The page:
IN July 2008, according to Newspoll, more than 80 per cent of Australians supported the introduction of an emissions trading scheme. Obviously Kevin Rudd had carried the Australian people along with him at least that far since, during the 2007 election campaign, he uttered the now (in)famous words, “Climate change is the great moral challenge of our generation.” But from mid 2008 it was downhill all the way.
At the same time as Newspoll was questioning Australians, New Zealanders were being asked a similar question – did they support the Clark Labour government’s proposed ETS? Only a third of New Zealanders did. And yet, just two years later, after a change of government and revised legislation from the Key National government in late 2009, the major components of New Zealand’s ETS regime commenced on 1 July.
So why has New Zealand been successful in implementing an ETS when Australia has failed?
For a start, under New Zealand’s unicameral system, the Key government does not have Senate-style hurdles to overcome. But it does have two alliance partners – the ACT party to its right, and the Maori Party to its left – to negotiate with on individual pieces of legislation. On this occasion, the ACT party opposed an ETS but National was able to negotiate an agreement with the Maori Party. National’s concessions to the Maori Party included halving the ETS rate for the first two years, which means that the fixed price during this period will be only $12.50 per tonne of emissions (about A$10). This is expected to reduce the cost for an average household to about $165 per year.
Cynics could argue that the two-year concession is simply to get the Maori Party past the 2011 general election, but by supporting this year’s increase in the GST (from 12.5 to 15 per cent, commencing in October) that party has already set itself up for election attacks that it hasn’t sufficiently looked after its core constituency.
Another reason for the relatively peaceful introduction of an ETS is that, in reality, it is ETS-lite. Apart from halving the ETS rate during negotiations, Key also exempted the country’s major carbon emitter – agriculture – from the scheme for the first five years, and after 2015 that sector will continue to receive major subsidies for many years to offset the costs of participation. Other industries engaged in international trade will also receive exemptions from full participation in the scheme.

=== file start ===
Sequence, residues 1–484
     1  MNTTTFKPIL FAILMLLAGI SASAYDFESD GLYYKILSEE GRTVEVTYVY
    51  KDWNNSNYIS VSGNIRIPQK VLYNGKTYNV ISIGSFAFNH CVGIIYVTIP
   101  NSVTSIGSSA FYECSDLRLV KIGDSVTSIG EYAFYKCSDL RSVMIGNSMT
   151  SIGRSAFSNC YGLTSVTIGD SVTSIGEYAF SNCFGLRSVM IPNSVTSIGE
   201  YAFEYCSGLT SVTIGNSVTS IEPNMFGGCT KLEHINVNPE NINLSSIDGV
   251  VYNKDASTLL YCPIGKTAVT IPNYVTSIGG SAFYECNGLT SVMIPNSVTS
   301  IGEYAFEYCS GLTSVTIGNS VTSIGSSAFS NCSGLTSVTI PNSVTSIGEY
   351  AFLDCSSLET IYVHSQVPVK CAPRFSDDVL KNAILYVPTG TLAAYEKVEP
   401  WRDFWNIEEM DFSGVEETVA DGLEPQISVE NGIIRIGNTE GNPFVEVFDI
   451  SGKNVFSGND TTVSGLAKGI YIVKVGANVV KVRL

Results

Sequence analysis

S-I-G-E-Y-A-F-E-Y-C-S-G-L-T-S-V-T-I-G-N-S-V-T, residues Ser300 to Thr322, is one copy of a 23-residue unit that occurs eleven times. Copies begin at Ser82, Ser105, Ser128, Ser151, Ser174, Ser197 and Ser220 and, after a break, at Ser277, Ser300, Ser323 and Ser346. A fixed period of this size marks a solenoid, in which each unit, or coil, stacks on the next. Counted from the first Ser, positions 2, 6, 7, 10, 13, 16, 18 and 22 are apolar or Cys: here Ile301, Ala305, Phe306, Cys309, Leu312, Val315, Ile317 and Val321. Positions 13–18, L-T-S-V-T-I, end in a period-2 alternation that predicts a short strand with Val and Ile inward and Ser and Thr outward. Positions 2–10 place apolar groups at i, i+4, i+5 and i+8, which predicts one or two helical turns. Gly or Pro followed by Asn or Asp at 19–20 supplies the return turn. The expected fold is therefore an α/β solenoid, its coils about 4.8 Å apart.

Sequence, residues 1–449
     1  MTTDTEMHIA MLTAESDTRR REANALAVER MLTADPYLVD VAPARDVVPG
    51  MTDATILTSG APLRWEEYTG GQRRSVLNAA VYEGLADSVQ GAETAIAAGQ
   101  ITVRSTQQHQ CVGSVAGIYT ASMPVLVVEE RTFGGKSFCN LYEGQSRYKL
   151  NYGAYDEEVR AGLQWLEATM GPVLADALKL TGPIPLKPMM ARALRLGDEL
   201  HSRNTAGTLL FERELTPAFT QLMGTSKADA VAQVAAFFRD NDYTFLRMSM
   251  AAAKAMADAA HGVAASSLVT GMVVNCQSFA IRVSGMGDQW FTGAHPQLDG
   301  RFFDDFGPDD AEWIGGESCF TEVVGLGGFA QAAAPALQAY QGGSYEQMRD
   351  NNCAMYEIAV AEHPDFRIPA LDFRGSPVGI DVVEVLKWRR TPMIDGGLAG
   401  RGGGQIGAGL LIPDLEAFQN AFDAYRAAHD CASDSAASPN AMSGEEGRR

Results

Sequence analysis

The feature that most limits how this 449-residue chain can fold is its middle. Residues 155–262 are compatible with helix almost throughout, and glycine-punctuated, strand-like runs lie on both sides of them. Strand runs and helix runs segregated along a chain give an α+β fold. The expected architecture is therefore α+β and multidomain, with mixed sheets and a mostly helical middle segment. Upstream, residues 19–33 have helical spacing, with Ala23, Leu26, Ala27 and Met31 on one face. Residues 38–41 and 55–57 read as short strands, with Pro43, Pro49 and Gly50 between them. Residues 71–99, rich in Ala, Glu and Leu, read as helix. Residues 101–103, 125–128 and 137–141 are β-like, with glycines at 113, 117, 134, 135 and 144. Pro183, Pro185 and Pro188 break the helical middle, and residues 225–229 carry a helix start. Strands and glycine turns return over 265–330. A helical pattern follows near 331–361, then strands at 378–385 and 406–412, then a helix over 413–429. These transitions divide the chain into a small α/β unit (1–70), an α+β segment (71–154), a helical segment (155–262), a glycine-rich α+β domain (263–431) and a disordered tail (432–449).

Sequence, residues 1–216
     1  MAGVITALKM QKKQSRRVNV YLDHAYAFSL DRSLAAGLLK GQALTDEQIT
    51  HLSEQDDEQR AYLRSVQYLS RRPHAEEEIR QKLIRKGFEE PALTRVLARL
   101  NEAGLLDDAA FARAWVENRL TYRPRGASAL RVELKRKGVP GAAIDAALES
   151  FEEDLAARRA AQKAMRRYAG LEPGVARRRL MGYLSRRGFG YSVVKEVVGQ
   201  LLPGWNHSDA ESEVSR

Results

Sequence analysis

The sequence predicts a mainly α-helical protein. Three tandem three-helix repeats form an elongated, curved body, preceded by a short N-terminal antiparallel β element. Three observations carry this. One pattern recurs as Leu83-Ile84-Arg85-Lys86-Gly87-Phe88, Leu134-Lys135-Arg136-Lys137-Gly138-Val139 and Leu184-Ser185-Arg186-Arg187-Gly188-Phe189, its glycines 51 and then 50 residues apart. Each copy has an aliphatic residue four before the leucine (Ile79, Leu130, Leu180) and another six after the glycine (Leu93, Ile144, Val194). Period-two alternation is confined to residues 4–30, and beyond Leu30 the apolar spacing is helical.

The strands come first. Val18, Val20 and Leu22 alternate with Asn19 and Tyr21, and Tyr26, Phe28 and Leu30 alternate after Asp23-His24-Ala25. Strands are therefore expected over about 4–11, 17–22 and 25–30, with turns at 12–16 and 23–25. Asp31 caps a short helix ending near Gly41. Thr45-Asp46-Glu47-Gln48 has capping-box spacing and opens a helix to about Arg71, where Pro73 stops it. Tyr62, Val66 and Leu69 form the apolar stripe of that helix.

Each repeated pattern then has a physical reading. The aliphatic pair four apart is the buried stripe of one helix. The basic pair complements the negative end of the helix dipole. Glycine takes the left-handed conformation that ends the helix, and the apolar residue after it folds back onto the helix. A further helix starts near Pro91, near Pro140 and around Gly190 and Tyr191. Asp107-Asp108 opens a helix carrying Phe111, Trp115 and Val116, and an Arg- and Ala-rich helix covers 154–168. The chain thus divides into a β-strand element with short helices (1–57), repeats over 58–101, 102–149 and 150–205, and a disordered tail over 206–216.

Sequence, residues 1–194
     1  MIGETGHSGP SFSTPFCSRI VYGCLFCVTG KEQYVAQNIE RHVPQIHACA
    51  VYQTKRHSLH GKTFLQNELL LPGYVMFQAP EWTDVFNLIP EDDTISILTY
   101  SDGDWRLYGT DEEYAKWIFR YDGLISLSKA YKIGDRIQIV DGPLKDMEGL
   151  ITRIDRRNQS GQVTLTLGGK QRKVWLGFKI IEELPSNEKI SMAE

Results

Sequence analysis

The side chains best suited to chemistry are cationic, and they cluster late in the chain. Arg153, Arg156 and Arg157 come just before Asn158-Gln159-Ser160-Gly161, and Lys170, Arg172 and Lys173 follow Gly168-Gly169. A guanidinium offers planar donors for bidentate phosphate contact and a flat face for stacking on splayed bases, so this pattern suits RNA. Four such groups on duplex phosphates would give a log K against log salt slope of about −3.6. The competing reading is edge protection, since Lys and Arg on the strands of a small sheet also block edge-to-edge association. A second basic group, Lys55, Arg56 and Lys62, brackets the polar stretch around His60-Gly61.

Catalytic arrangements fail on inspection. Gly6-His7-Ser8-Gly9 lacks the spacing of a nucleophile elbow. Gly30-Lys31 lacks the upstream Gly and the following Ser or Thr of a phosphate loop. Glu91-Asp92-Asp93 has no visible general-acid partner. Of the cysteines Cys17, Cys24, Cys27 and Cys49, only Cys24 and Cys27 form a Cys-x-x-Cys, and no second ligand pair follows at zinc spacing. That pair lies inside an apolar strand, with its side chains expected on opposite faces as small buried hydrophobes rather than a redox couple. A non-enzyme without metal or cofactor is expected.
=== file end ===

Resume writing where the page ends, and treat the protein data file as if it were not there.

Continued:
While one of the major issues in Australia has been the potential impact of an ETS on the resource industry, in New Zealand it is the farming lobby that can heavily influence National governments. The agriculture sector accounts for half of the country’s carbon emissions, and this proportion should increase if the intended effects of the ETS – a reduction in emissions – materialise in other sectors.
Although the Kiwi ETS is very much a watered-down version of the ideal, there does appear to be genuine bipartisan support for an ETS of some sort. Although the Labour opposition leader, Phil Goff, has been critical of the long-term impacts of the current ETS on families and small business, he favours amending the scheme to remove the subsidies inherent in the government’s scheme, rather than doing away with it altogether.
In a poll out last week from Research New Zealand, 49 per cent of the population supported the government’s ETS. But this support dropped to 37 per cent when it was explained to respondents that they would be paying more for goods and services, such as petrol (up about 3 to 4 cents a litre) and power bills (up by about 5 per cent). The hip pocket remains an important factor when it comes to supporting the environment. Even more interesting was the finding that two-thirds of respondents would economise to avoid the higher charges; while this may not be great for the economy, it indicates that the goal of reduced emissions may be achievable.
The New Zealand ETS’s impact on saving the planet will be minimal, as New Zealand currently accounts for only 0.1 per cent of the world’s emissions. (Australia accounts for 1.3 per cent.) But the country usually doesn’t shy away from showing leadership on environmental initiatives (for example, the ban on nuclear warships since the 1980s). The ETS in its current form is far from ideal, but at least it is a step – a step that Australia has been unable to take.
New Zealand is the first country outside the European Union to introduce an ETS, and in last week’s poll well over half of respondents (58 per cent) were happy for the Key government to lead by example. Now, if only the government would drop its plans to allow mining in national parks, perhaps the country’s clean, green image could be maintained. •
Norm Kelly, an associate of the Centre for Democratic Institutions at the Australian National University, lives in Wellington.